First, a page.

Contract for Excellence (C4E)[edit]

The Education Act is enforced to offer resources and aid to the highest-need students in the lowest-performing schools. The above-mentioned primary accountability tool, the Contract for Excellence, is an annual plan which provides school-by-school reporting. It is completed and submitted by the low performing school districts that receive the increased funding from the state. The purpose of the contract is to target education strategies such as reduced class size, teacher/principal quality, full day pre-K, high school/middle school restructuring and model programs for English Language Learners. The contracts were developed in 2007. In the 2007-08 school year, 55 school districts ( list of school districts in New York ) in the state of New York completed and submitted Contracts for Excellence. School improvements were seen as the numbers decreased to 38 districts in 2008–09 and 32 districts in 2009–10.[3]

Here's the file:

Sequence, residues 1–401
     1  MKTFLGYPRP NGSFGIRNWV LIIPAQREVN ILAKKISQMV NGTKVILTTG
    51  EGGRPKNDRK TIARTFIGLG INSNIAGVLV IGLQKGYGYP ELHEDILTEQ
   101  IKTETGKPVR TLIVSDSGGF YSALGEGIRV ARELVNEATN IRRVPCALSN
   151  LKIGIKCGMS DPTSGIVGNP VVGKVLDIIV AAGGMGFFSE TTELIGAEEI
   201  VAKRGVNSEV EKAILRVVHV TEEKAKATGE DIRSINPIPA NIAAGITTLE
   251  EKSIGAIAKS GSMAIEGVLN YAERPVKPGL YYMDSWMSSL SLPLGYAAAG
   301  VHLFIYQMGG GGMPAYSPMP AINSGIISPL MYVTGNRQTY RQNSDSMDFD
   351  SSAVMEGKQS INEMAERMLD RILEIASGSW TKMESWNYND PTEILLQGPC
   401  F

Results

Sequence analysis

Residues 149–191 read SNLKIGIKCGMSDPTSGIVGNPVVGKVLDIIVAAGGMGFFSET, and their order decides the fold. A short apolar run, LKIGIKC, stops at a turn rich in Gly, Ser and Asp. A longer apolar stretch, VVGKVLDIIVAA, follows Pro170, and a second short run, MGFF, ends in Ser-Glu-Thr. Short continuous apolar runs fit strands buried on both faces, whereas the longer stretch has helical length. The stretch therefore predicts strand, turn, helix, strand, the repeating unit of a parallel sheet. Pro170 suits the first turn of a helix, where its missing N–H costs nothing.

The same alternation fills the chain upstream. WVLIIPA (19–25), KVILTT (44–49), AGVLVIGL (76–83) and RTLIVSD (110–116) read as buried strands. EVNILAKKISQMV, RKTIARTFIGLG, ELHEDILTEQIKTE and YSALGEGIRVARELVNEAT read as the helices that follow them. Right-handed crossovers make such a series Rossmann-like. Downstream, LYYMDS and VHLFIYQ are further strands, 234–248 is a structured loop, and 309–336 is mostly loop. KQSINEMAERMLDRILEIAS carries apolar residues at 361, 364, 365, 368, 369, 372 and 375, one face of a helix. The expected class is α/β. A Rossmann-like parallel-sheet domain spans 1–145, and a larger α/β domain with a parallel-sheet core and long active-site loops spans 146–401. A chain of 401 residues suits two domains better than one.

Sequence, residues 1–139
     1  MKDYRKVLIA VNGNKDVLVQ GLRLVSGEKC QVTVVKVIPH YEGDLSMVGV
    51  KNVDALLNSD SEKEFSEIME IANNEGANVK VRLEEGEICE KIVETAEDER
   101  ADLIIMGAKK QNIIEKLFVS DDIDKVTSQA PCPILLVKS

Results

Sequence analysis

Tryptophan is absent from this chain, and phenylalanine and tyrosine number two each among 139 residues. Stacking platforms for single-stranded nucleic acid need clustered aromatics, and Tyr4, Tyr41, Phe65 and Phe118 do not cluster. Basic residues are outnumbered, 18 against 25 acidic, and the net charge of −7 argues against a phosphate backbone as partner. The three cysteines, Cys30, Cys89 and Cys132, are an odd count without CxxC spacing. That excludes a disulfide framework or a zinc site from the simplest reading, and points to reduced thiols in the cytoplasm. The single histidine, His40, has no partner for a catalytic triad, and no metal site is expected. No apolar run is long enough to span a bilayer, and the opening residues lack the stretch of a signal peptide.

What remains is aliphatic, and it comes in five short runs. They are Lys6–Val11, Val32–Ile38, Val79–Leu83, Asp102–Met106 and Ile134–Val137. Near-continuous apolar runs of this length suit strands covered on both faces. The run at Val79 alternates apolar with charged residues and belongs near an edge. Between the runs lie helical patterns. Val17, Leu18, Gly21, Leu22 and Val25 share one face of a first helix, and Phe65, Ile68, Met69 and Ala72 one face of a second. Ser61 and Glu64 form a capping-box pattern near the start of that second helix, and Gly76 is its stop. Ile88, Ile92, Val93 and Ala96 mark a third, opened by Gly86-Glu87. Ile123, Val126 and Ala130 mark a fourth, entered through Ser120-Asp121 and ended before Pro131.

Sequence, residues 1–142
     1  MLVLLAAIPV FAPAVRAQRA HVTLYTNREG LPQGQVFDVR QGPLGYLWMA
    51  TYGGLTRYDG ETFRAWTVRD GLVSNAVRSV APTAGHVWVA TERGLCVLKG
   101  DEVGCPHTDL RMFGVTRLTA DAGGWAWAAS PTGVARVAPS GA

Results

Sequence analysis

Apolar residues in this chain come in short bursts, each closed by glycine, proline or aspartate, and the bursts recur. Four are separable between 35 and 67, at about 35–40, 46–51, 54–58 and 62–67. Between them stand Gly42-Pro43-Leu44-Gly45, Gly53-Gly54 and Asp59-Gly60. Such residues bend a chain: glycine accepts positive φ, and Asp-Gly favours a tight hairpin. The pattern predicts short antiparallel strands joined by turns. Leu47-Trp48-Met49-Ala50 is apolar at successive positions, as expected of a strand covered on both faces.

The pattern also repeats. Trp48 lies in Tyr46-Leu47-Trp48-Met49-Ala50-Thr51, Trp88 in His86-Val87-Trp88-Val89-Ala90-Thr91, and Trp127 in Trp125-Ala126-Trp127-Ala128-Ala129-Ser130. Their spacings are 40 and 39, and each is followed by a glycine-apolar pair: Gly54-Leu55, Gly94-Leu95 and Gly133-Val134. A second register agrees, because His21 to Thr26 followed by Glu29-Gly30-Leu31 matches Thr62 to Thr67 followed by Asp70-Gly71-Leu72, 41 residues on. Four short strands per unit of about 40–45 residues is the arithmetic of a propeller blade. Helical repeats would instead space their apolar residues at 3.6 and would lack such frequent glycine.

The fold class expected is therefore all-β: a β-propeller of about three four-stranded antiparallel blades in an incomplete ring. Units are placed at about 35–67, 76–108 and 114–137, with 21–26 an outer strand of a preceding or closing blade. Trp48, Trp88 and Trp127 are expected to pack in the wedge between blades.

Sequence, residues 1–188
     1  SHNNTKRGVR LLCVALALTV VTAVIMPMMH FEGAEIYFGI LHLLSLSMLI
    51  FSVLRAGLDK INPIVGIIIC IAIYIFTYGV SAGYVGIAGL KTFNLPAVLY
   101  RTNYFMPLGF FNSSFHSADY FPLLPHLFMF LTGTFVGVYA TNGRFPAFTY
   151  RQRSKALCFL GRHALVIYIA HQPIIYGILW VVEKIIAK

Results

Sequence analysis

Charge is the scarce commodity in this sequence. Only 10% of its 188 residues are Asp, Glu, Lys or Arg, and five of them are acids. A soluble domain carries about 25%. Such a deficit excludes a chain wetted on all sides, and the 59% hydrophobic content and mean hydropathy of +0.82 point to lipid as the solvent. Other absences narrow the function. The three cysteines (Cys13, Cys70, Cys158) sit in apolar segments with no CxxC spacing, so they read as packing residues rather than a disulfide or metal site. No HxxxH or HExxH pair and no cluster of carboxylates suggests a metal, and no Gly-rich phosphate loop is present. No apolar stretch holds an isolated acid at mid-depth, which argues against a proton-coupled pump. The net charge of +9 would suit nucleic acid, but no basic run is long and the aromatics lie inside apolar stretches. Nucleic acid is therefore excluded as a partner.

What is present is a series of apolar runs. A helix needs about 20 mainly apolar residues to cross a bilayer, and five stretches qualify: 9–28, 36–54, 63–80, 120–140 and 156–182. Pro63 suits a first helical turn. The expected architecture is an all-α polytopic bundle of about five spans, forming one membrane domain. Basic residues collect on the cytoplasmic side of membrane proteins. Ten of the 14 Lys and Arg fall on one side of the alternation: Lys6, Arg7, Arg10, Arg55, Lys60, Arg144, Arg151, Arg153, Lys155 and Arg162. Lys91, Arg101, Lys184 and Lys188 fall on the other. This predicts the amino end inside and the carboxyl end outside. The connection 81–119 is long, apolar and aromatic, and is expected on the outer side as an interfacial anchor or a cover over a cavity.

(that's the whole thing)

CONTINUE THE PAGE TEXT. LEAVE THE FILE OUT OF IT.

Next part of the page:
In June 2010, an Analysis of New York City's 2009–10 Approved Contract for Excellence Allocations was released. The proposed funding and allocations approved by the State Education Department are compared. The report shows the decrease in spending on the “Class Size Reduction” by 11% as compared to the proposed funding, causing 62 fewer schools to receive allocations for more classes and lower teacher:pupil ratios. There was an increase in spending on “Time on Task” by 20%, giving these allocations to 82 additional schools. A small decrease in spending was seen in the “Teacher and Principal Quality”, decreasing by 1.4%. “Middle and High School Restructuring” also had a small decrease of 3% while “Full Day pre-K” had an 8% increase. The final category “Model Programs for English Language Learners” saw a 2% increase in funding. The sharp increase in funding under the “Time on Task” category gives funding for Summer School and dedicated instruction. While the “Class Size Reduction” category experienced the sharpest decrease, it still receives the largest amount of funding.[4]

CFE work since 2007[edit]